Defendant was arrested by a Troup County deputy sheriff for the offenses of improper passing, possession of a firearm during commission of a felony, driving under the influence (DUI), possession of more than one ounce of marijuana and possession of drug related objects. A preliminary hearing on the charges was held in the Magistrate's Court of Troup County. At that hearing the testimony revealed that defendant was driving an automobile stopped for improper passing and that the various contraband was found during a subsequent search of the automobile. At the conclusion of the preliminary hearing, the firearms charge was dismissed and the four remaining charges were bound over to the next term of superior court. (The drug paraphernalia charge was also dropped at some later time.)
Plea negotiations between defense counsel and the district attorney ensued regarding the remaining charges. Two of the offenses, the DUI and the improper passing, appeared on the calendar of the State Court of Troup County. Defendant entered a guilty plea on these misdemeanor charges.
Subsequently defendant filed his "motion in autrefois convict" contending that the pleas to the misdemeanor charges bar any prosecution for the felony possession of marijuana. Defendant appeals from the denial of his "motion in autrefois convict" based upon his claim of double jeopardy. Defendant's plea to the DUI charge was for driving under the influence of alcohol or drugs, and that the laboratory tests indicate that defendant's blood was negative for ethyl alcohol but positive for marijuana. Held:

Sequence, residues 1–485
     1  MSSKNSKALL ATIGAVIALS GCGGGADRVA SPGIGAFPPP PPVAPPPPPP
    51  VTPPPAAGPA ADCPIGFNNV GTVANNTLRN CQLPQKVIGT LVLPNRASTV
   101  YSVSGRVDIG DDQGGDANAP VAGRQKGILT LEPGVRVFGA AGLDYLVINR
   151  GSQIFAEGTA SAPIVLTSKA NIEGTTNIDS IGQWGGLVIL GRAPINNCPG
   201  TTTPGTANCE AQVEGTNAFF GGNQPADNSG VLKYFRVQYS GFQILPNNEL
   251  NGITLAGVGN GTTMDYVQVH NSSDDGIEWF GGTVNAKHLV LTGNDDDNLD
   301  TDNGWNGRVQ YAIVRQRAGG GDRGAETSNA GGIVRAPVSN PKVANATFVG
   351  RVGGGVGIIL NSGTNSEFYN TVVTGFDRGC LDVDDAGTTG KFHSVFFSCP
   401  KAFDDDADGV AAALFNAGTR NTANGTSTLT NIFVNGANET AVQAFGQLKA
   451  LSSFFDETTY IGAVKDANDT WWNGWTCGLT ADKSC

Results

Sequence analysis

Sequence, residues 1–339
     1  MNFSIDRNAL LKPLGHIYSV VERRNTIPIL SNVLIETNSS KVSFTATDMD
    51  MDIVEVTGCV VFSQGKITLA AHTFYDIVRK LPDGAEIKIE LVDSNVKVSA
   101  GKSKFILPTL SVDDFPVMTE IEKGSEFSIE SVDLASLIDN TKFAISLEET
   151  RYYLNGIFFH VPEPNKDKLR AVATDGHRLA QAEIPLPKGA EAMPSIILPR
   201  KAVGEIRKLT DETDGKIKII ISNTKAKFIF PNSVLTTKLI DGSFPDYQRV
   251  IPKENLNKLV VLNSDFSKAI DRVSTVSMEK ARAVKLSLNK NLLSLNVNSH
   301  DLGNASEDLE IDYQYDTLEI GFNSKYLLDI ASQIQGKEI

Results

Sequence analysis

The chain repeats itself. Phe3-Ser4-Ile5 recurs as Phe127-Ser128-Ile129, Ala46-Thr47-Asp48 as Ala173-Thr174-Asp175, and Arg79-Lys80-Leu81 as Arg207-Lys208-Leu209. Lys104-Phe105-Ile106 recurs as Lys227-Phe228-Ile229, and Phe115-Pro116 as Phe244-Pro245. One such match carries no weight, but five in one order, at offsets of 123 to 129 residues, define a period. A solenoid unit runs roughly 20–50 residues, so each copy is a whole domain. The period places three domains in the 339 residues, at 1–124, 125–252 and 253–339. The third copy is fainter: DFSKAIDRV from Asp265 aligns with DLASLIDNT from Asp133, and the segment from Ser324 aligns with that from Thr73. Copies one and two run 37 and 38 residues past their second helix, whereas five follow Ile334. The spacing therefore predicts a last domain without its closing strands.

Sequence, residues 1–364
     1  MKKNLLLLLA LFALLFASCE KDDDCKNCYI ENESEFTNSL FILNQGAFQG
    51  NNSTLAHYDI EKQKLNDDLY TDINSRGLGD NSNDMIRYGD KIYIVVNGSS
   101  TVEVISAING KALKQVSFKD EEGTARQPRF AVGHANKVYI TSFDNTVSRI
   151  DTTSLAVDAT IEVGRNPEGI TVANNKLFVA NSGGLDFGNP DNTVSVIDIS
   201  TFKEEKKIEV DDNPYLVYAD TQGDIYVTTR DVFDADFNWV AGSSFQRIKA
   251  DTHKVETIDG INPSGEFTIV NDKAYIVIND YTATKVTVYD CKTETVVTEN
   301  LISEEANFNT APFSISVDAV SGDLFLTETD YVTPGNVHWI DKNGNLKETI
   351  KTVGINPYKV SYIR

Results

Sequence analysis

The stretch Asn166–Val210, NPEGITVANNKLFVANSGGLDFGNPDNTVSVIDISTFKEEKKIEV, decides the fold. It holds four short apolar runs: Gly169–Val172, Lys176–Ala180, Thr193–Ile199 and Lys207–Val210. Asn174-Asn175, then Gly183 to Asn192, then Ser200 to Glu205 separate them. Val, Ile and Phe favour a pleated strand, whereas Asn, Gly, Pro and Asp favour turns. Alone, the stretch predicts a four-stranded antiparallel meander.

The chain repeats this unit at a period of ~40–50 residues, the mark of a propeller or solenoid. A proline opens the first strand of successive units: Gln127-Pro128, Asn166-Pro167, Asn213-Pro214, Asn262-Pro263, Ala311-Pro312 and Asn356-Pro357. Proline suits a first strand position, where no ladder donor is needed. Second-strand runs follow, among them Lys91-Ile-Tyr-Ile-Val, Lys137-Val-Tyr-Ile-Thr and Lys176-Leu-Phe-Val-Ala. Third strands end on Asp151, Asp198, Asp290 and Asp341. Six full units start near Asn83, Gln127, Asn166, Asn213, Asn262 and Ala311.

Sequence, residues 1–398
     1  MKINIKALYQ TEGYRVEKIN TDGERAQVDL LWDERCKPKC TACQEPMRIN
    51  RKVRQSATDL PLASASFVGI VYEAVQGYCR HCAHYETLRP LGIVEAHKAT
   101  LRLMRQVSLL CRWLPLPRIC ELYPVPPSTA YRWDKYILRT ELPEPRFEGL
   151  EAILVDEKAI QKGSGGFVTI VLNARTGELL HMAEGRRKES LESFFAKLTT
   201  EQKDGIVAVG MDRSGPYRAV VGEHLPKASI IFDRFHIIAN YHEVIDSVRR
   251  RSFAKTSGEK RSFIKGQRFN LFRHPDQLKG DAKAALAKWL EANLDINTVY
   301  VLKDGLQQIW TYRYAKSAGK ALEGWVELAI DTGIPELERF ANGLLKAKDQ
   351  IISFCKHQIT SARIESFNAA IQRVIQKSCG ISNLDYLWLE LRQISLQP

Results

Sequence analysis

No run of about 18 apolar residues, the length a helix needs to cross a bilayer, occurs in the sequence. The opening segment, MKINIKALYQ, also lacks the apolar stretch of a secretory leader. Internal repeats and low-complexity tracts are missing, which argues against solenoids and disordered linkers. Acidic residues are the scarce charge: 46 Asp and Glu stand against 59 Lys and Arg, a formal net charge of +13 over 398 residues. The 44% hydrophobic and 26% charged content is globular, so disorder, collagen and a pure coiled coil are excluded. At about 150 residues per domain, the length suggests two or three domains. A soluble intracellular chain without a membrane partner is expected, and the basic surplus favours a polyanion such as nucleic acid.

In McCannon v. State, 252 Ga. 515 (315 SE2d 413), defendant was stopped while operating a car on the public highway by two State Patrol officers. The indictment in that case alleged one of the troopers leaned into the car and while he was doing so defendant drove off causing the trooper to fall to the highway, injuring him. Count 2 of the indictment alleged that as defendant drove away he drove over the other trooper's foot, injuring him. Defendant was arrested on charges of DUI, possession of marijuana and assault on an officer. The DUI charge was dropped because of negative chemical test results and plea negotiations were begun by counsel for defendant and the district attorney.
A tentative plea bargain was reached in which defendant McCannon agreed to enter a plea of guilty to possession of marijuana and join the armed forces in exchange for dropping of the assault charges. The plea bargaining agreement was not consummated.
On February 26, 1982, an accusation was brought in Oglethorpe Superior Court charging defendant McCannon with the offense of misdemeanor possession of marijuana. On May 18, 1982, an indictment was returned charging defendant McCannon with two counts of aggravated assault upon an officer. On June 1, 1982, defendant McCannon entered a plea of guilty to the accusation for possession of marijuana. On August 27, the guilty plea was withdrawn and a plea of nolo contendere was entered, whereupon defendant McCannon was sentenced the same day. Subsequently, when defendant McCannon was notified that he would be arraigned on the indictment alleging aggravated assault upon an officer, a plea of statutory double jeopardy was filed arguing that the possession of marijuana offense and the aggravated assault upon an officer offense arose from the same conduct and must have been prosecuted in a single prosecution because both were known to the district attorney and within the jurisdiction of Oglethorpe Superior Court. Defendant McCannon's plea of double jeopardy was rejected by the Oglethorpe Superior Court and by this court. In McCannon v. State, 252 Ga. 515